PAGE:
[arin-ppml] support for 2014-1 (out of region use)

William Herrin bill at herrin.us
Sun Feb 9 23:37:02 EST 2014

On Sun, Feb 9, 2014 at 11:04 PM, Matthew Kaufman <matthew at matthew.at> wrote:
> On 2/8/2014 6:19 AM, William Herrin wrote:
>> If we want to manage addresses this way, we should first endeavor to pass
>> a globally coordinated policy to the effect that multiregional organizations
>> should solicit the registry in their headquarters' region for all
>> registry-direct number resources rather than soliciting the registry that
>> serves the region where the resources are employed.
> I have a better idea:
> For IPv4, realize that really really soon, this isn't going to matter.


Windows had primacy for more than a decade before folks stopped using
DOS programs. Do you not recall all the workarounds getting DOS games
to work in Windows 98 and later windows XP? IPv6 doesn't even have
primacy yet. Reports of IPv4's death are premature.

> For IPv6, realize that it almost never matters.

The intersection between registry allocation policy and ISP filtering
policy is still working itself out. Moreover, unlike IPv4, changes in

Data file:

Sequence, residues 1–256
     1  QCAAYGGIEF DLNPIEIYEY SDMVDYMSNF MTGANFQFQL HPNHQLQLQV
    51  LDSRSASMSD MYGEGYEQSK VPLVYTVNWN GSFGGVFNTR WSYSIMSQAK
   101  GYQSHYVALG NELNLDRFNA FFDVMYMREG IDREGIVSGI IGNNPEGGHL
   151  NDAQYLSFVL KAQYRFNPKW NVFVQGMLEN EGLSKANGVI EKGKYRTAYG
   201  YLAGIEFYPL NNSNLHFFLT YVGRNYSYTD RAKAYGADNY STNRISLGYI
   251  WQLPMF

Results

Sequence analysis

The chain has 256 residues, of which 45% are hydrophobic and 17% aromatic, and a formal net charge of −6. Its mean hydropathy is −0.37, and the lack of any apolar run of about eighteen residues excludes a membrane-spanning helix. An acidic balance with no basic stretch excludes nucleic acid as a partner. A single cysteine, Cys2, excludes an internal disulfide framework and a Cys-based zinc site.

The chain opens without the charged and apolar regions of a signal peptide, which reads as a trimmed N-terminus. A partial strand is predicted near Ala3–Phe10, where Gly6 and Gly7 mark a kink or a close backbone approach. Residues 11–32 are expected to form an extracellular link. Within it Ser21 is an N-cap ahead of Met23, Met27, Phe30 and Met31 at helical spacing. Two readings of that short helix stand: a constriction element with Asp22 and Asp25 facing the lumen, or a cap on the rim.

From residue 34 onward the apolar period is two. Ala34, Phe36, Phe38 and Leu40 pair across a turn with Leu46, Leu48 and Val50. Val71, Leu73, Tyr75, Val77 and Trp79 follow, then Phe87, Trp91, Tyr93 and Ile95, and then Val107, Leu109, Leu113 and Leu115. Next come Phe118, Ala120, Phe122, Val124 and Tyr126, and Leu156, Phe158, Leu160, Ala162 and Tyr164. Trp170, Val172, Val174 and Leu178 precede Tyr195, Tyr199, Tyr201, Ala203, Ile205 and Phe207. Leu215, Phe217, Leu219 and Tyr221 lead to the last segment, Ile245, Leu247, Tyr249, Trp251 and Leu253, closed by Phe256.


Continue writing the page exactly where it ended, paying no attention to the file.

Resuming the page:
the layer 4 protocols could yet yield major shifts in how addresses
are managed. Don't be so quick to declare what does or does not

> I have no problem with someone getting a nice big IPv6 block from one
> convenient local RIR, and then splitting it up across their multinational
> organization however they see fit. If they plan well, they *never* come back
> to *any* RIR for address space.

I predict that last sentence turns out to be a pipe dream. If I'm
wrong, look me up in 10 years and I'll buy you lunch.

As for the rest, I would support a global policy to the effect that
organizations should deal exclusively with their home (headquarters)
registries for IPv6 allocations. I DO NOT want to see ARIN going it
alone here, and I DO NOT want to see registry shopping.

Allowing multinationals to registry-shop is a form of cross-subsidy.
As you know, cross-subsidy is one of the foundations of monopoly. If
the multinational can acquire addresses from the most convenient
registry, he gains an anticompetitive advantage over his smaller,
local competitor who may only deal with the registry in his region.
What makes this truly evil is that the regulatory regime from the RIRs
is not money-driven. The registry's rules may prevent the competitor
from matching the multinational's address offerings at any price.

So, I am totally against any policy regime which makes it practical
for a multinational organization to registry-shop for his addresses.
Either everybody should be able to get addresses from any registry,
regardless of geography and nationality, or only one registry should
be a legitimate source for a give use of addresses.

Bill Herrin

William D. Herrin ................ herrin at dirtside.com  bill at herrin.us
3005 Crane Dr. ...................... Web: <http://bill.herrin.us/>
Falls Church, VA 22042-3004

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